Corresponding with them has been a comfort and strength to me when I needed it most.  I don't think those good ladies will ever know how much they mean to me.

I've also learned lessons as a result of Braeden's experiences.

One lady posted this picture on Facebook awhile ago:

It has been a hot and humid summer in Virginia and lots of Braeden's pictures are like this.  Sweaty hair and melty looking shirt.  I was thrilled to see a picture of his smiling face but what really gave me pause were the icy drinks in their hands.

Seeing someone treat my son with this simple kindness of an ice cold drink meant the world to me.  I felt unreasonably happy and grateful.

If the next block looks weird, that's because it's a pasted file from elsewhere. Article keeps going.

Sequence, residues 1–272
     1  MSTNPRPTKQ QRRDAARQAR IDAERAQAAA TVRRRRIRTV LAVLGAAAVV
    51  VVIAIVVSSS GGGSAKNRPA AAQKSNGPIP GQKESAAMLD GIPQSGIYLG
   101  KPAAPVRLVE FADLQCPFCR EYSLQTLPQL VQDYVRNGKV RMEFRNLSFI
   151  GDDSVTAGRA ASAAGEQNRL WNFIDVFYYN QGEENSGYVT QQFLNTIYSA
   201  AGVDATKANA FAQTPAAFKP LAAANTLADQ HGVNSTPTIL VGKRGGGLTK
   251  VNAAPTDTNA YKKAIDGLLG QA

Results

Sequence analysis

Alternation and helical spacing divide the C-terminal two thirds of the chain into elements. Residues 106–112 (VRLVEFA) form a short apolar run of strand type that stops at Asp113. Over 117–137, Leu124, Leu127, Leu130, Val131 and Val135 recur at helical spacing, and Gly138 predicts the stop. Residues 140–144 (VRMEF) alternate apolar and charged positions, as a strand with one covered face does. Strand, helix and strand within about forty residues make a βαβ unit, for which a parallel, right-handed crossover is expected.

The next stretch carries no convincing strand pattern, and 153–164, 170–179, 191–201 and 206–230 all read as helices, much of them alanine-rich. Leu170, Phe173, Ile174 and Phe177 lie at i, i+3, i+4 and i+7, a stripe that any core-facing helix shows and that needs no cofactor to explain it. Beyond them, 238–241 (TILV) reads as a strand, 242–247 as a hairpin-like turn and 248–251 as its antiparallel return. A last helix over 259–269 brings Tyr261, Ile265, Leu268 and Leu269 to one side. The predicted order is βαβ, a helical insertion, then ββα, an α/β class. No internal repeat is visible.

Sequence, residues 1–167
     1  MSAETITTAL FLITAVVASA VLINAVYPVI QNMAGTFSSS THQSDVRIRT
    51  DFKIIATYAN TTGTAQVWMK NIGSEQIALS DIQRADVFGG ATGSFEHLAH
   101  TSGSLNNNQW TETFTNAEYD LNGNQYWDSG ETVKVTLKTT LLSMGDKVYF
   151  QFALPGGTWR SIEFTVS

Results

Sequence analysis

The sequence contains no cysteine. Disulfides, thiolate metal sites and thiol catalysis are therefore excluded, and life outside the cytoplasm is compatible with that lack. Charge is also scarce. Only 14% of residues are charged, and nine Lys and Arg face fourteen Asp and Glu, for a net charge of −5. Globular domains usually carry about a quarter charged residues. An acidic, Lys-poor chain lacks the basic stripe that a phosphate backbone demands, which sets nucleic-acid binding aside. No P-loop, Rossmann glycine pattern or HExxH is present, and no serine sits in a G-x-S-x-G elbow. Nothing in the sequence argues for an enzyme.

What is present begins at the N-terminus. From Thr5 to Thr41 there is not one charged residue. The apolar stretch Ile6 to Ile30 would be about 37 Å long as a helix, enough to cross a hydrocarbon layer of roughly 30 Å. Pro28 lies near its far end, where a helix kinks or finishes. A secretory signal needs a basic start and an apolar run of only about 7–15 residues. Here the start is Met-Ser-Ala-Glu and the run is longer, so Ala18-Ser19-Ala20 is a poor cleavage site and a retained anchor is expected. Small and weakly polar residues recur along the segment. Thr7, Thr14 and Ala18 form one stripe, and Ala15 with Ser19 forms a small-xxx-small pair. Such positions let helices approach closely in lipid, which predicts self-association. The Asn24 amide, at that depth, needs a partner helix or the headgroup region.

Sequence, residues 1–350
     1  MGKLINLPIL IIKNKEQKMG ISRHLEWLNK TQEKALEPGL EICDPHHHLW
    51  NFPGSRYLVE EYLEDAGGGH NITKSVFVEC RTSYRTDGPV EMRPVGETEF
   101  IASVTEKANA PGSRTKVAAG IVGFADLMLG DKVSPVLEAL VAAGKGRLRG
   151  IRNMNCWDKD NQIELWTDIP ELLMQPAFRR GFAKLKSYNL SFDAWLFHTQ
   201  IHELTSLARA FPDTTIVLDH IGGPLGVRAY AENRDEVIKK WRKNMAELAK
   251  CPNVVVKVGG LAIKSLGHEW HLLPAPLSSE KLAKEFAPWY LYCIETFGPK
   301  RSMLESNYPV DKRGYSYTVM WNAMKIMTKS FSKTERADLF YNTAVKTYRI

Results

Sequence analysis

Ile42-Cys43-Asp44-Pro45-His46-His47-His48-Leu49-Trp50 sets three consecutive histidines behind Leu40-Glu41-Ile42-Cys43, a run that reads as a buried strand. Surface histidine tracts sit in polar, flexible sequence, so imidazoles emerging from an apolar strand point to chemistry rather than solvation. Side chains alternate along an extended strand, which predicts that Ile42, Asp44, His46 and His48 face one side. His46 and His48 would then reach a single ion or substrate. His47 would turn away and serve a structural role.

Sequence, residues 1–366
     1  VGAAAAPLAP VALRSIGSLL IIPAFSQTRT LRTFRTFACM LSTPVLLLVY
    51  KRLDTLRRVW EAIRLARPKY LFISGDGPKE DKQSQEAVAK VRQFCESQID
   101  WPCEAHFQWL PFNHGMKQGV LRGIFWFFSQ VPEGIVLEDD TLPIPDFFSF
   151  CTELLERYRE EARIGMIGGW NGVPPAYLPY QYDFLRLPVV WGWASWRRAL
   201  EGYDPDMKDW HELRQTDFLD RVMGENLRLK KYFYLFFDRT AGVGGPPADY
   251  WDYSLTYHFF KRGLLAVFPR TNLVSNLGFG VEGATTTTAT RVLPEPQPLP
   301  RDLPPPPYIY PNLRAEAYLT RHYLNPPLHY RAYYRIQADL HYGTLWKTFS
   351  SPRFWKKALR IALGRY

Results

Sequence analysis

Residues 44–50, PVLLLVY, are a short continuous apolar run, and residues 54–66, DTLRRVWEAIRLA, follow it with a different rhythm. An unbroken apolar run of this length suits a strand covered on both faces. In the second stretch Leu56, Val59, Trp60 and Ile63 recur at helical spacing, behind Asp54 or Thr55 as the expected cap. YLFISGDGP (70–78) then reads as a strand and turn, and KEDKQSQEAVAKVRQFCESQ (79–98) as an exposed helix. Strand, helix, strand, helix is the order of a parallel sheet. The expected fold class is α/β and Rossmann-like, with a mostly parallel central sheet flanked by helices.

Then I started thinking about how Heavenly Father must feel when He looks down on His children.  He sees some that are struggling.  He sees some that could use an ice cold drink--or a smile, or an invitation, or the benefit of the doubt.

How does He feel when He sees us serving one another?  Seeing this picture gave me a glimpse.

Another lesson I've learned was a result of reading Braeden's and also Clarissa's emails.  These missionaries love the people where they are.  If you believe Clarissa, the best people in the world are in New Zealand.  If you believe Braeden, the best people in the world are in Virginia.  And I know those two well enough to know, they aren't just saying it.  They love the people they serve.

Awhile ago, Braeden was telling us about a person they were teaching.  This person (like every single person in VA apparently), was awesome.  He told us all about the progress this person was making and how great they were.  He mentioned in passing they were a heroin addict.  I was struck by his nonjudgmental view of this person.  I could tell he honestly viewed this person as someone with a lot of potential.